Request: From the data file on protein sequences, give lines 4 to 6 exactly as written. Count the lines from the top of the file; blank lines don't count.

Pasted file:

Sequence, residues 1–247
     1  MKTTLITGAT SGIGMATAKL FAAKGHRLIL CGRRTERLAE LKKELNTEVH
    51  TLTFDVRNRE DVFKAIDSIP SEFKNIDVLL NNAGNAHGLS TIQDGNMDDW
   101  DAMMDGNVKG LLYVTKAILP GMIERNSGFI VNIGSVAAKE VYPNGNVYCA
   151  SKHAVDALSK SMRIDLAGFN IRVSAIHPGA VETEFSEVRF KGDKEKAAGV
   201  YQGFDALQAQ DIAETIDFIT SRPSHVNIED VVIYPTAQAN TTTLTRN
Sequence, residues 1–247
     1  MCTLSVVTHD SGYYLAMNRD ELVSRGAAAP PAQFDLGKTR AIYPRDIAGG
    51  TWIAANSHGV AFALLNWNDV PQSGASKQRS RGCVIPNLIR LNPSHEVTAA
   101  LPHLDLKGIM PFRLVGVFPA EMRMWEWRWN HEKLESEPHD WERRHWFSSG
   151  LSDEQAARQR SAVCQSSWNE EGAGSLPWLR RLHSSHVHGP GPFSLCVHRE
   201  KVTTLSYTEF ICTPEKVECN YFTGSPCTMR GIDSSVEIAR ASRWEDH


   101  DAMMDGNVKG LLYVTKAILP GMIERNSGFI VNIGSVAAKE VYPNGNVYCA
   151  SKHAVDALSK SMRIDLAGFN IRVSAIHPGA VETEFSEVRF KGDKEKAAGV
   201  YQGFDALQAQ DIAETIDFIT SRPSHVNIED VVIYPTAQAN TTTLTRN